September 19, 2016

Cecilia Xu Lindsey, 9 Stone Buildings

(Lincoln’s Inn)

photo (1)I was born and raised in Beijing, China and I developed an interest in law when I was reading my first degree in International Trade BA (Hons) while in university in China. In my previous career, working in International Trade and Logistics, I had opportunities to assist the legal department of the company I worked for in the process of resolving its trade dispute. Through this work, I grew a stronger interest in legal practice and decided to pursue a career in law.

Following my first degree, I studied an LLM in International Commercial Law with a focus on international sale of goods and maritime law, which complimented my work in International Trade. After I decided to pursue a legal career, I studied law at BPP in London.

When I was studying the BVC (now known as the BPTC), I attended a number of advocacy training sessions at my Inn (Lincoln’s Inn), which I found extremely useful in honing skills in this area. Now I am practising at the Bar, the Inn regularly organises seminars on professional topics, which I always find worthwhile attending; the library and the librarians of the Inn are always there providing great support for research.

I currently practise in commercial law, company law, private international law and litigation/ADR. Since I began my legal career, my practice has developed in the sense that I have discovered areas of law which I am keen to develop in the future and grow my client base further; I am also constantly honing my skills and acquiring new knowledge in the relevant areas. Practising as a barrister is a fulfilling career, especially since the Bar now faces many challenges ahead, which require the profession to become more adaptive, driven and to keep an open mind. Having worked in industries previously, I believe that my career at the Bar offers prospects and depth which another career may not be able to offer.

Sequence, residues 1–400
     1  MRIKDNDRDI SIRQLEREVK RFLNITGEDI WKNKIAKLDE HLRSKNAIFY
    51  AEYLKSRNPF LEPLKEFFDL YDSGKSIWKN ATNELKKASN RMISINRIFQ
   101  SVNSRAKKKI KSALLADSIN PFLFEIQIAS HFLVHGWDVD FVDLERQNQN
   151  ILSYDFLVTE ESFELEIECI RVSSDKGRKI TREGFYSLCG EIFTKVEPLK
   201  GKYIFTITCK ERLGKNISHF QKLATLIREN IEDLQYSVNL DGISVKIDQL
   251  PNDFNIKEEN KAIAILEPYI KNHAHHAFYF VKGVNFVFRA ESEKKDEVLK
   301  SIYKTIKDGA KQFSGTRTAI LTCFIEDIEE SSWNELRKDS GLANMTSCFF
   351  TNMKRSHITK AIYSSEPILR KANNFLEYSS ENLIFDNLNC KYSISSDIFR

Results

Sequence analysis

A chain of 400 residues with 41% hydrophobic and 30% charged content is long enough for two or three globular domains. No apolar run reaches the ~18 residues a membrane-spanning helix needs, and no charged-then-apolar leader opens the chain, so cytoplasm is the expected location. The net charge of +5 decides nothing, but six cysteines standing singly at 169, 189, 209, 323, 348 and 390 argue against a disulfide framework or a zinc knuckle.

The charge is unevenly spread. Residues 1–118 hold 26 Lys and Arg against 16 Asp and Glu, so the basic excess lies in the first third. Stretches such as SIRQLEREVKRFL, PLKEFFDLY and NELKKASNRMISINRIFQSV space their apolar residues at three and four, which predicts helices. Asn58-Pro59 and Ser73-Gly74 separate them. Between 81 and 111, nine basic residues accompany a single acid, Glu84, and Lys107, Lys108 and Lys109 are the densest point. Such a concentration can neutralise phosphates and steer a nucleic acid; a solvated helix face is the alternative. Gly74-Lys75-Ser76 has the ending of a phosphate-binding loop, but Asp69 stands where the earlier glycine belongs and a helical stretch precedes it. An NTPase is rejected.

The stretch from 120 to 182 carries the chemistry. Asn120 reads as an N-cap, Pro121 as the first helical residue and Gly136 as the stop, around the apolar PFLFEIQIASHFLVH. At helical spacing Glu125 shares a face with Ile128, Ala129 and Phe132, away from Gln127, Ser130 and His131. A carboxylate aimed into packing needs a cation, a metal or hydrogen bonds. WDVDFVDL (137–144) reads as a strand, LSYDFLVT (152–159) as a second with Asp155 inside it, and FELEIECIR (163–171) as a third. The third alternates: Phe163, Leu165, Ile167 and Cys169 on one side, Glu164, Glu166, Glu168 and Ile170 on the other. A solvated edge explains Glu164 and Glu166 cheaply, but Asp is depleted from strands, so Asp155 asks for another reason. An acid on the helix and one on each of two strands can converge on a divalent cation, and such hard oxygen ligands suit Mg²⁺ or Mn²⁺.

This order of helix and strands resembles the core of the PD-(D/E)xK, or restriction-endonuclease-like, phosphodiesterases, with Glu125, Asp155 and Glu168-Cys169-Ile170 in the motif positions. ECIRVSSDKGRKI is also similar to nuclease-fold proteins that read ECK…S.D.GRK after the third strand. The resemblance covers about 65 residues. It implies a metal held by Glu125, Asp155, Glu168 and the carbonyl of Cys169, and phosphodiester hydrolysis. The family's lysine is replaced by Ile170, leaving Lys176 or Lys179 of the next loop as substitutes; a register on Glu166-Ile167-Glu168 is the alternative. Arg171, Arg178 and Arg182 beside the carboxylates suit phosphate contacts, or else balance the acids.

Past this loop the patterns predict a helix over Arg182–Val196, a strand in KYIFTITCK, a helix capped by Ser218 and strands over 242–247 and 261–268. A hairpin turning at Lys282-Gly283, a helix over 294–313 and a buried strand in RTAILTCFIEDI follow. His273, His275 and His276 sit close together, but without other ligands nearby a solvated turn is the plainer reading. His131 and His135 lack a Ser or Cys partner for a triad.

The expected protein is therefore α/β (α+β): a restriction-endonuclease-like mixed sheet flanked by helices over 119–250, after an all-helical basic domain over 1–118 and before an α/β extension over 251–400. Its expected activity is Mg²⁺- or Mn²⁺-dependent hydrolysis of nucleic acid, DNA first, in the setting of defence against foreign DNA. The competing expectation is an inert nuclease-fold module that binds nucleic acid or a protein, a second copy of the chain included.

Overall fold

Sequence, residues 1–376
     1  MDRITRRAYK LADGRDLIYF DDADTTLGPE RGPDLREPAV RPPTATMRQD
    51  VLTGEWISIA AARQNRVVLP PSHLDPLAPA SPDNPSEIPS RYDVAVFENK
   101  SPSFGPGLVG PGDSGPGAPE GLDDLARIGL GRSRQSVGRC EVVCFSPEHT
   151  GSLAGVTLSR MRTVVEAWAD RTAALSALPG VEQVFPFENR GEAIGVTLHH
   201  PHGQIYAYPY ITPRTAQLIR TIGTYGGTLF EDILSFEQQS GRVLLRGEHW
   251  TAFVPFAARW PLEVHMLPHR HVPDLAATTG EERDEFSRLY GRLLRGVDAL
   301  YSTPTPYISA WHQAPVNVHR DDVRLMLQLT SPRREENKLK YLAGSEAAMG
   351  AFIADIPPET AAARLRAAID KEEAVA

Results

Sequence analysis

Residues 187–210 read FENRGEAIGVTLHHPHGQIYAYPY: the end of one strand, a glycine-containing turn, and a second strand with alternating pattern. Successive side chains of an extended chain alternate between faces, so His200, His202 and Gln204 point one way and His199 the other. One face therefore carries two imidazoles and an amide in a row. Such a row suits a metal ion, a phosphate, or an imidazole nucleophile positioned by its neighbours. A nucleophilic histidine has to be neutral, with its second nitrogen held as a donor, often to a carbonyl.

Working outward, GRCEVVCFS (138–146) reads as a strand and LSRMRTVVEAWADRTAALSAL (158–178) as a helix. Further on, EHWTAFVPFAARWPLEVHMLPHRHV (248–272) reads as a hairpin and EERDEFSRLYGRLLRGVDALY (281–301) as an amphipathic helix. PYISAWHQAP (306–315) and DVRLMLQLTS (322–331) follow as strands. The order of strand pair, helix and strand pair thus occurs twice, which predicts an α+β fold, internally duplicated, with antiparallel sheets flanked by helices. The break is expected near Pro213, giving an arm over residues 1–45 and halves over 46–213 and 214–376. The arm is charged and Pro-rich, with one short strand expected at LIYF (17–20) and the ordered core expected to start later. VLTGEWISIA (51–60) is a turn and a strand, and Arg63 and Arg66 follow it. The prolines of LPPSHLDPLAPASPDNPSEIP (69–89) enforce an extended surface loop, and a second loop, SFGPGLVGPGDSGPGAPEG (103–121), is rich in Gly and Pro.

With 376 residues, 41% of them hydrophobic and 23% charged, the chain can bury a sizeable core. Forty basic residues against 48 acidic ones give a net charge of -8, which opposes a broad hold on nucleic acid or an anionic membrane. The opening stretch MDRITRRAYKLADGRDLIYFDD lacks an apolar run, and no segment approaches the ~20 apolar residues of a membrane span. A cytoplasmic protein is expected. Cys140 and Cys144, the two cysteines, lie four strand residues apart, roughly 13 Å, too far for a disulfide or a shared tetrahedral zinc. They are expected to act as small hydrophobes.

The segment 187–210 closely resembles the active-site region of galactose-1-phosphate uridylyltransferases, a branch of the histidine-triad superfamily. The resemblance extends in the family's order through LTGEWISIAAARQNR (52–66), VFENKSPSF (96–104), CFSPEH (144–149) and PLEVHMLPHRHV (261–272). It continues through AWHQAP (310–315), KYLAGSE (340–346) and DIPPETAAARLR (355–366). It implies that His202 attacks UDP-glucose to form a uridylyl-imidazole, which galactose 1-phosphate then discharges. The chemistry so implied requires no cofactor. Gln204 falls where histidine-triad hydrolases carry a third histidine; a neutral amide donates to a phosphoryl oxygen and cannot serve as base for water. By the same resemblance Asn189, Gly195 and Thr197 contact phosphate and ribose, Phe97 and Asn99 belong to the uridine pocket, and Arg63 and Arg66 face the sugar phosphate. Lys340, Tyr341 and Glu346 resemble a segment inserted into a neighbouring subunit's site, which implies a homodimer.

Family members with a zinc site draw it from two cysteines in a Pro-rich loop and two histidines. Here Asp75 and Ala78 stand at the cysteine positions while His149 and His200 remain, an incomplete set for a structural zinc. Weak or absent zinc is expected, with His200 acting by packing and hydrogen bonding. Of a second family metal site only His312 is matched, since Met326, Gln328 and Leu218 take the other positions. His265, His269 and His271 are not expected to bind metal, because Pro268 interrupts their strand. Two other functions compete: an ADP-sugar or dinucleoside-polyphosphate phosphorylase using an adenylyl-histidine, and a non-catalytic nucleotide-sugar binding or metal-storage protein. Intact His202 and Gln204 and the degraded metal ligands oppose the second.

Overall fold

I think that at the self-employed Bar, it is always important to work hard. Equally, it is important to learn to have discipline and switch off when you need to. The profession is also a marvellous platform and constantly offers inspiring and stimulating opportunities to discover new things. My interests outside of work link to my professional life, not only in enhancing my own wellbeing but also in terms of understanding and interacting with people, and keeping abreast of what is happening in the real world and in my profession.

Seeing my clients doing well is an extremely rewarding experience, particularly when they have taken my advice on board.  One particular highlight was when I initially advised a corporate client on a point of law; the client has since given me further instructions and seeks my advice for their continual business growth. Another example is when I was representing a client in court: I persuaded the judge with my arguments and also did a powerful closing: as a result, the client got what it was seeking.

For aspiring barristers, it is important to develop an inquisitive mind and ask questions. Grow and keep an interest in what you would like to do. When you do anything, use your best ability and do everything with diligence. Learn from others who are more experienced than you. Understand yourself and what you want to achieve. Have a long-term plan of what you want to achieve in life and your career. Talk to people, attend seminars and participate in activities, find out as much as you can about the profession and make informed decisions. Persevere and keep your spirit high.